Reduction technique
For unimpacted surgical neck fractures generally, the most appropriate reduction technique will depend upon the fracture morphology.

For fractures with medial hinge disruption or medial fragmentation, reduce a medially displaced fracture by pulling the humeral shaft to the plate by tightening an initial bicortical non-locking screw in the humeral shaft.

Proper reduction
Achieving proper reduction may be very demanding due to the characteristic metaphyseal instability of these fractures. Multifragmentary fractures may be reduced appropriately by using the laterally applied plate as a model for an appropriate reduction. The plate is first attached distally and then brought into contact with the fragmentary zone and proximal segment, to which it is affixed. Once initially stabilized, confirm satisfactory reduction before insertion of all the planned screws.

After reduction, both, the sagittal and the coronal plane should be correct. Particular attention should be paid to the correct rotation.

Particularly with comminuted surgical neck fractures, remember that rotator cuff sutures can help reduce the humeral head against the plate to restore normal alignment.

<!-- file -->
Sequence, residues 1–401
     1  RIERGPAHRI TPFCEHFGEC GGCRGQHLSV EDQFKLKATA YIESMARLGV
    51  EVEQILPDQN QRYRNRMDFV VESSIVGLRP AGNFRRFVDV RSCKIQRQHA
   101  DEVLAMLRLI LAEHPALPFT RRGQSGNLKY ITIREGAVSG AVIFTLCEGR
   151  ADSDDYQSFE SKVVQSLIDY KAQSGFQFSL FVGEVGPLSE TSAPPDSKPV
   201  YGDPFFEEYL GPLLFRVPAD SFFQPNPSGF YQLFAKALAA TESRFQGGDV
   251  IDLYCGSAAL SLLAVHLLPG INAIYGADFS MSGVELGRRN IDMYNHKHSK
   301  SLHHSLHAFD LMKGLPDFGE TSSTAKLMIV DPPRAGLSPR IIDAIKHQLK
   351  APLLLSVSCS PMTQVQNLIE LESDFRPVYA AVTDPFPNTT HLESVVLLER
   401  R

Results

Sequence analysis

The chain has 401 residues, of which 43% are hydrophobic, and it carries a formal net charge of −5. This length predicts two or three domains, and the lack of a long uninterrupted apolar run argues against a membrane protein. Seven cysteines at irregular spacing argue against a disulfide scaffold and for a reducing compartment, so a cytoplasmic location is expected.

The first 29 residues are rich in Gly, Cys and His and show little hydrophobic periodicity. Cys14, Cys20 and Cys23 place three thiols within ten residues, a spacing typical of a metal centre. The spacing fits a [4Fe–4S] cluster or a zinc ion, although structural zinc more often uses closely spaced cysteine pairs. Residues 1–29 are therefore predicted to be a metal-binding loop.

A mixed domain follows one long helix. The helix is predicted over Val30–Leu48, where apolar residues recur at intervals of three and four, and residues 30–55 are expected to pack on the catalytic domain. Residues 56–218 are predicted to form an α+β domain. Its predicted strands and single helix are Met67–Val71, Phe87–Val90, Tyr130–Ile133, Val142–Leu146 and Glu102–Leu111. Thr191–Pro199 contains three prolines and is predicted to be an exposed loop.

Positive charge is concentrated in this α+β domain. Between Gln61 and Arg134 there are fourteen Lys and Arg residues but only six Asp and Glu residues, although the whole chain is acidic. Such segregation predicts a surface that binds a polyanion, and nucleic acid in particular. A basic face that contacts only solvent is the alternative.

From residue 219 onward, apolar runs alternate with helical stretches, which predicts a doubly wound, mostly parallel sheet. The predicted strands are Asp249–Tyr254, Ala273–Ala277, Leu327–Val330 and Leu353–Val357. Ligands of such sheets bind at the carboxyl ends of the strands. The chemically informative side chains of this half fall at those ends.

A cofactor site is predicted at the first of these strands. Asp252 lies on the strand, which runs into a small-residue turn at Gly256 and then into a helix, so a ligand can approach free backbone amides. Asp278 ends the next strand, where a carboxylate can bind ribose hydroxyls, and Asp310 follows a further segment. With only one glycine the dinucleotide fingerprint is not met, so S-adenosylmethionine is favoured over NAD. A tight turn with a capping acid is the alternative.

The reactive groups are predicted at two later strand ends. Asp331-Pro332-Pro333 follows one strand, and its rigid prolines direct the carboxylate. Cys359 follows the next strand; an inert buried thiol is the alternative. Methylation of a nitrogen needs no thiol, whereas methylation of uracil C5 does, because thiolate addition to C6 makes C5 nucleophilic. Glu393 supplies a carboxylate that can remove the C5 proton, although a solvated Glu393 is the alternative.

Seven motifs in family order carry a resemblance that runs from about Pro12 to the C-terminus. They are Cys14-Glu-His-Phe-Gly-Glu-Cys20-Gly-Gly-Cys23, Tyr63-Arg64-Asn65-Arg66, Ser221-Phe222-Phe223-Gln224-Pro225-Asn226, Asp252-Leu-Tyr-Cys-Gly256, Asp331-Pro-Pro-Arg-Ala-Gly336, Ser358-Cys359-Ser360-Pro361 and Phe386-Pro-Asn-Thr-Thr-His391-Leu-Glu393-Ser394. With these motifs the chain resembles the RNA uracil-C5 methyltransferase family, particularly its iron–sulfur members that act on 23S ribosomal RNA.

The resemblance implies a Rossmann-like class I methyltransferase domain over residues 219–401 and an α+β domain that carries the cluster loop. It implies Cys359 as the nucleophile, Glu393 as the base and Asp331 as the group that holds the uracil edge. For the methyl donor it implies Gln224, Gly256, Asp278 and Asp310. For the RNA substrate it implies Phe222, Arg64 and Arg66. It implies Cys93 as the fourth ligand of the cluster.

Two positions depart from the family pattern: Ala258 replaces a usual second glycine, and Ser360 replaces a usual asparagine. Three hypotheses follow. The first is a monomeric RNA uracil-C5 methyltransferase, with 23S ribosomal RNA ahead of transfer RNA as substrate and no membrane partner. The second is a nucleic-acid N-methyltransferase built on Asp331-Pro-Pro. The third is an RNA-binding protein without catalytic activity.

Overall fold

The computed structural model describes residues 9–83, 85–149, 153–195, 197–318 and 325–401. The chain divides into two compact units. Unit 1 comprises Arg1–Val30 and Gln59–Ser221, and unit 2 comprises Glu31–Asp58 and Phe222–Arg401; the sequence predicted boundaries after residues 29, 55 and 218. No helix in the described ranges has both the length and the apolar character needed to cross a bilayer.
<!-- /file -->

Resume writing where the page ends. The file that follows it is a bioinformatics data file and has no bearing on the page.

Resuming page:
Choose whichever approach is best suited for anticipated reduction maneuvers. The deltopectoral approach, while more extensile, is more invasive, but may provide easier access to a longer plate.

Correct plate position
A correct plate position must be ensured in order to avoid loss of reduction and impingement.

Standard plates provide an alternative option, for example the modified cloverleaf plate (B). enlarge

Angular stable versus standard plates
This procedure describes proximal humeral fracture fixation with an angular stable plate (A). Sometimes, these implants are not available. Standard plates provide an alternative option, for example the modified cloverleaf plate (B). Presently, the specific indications, advantages, and disadvantages of angular stable and standard plates are being clarified. There is some evidence that angular stable plate provide better outcomes. In addition to type and technique of fixation, the quality of reduction, the soft-tissue handling, and the characteristics of the injury and patient significantly influence the results. There is no evidence that the use of angular stable plates will overcome these other factors.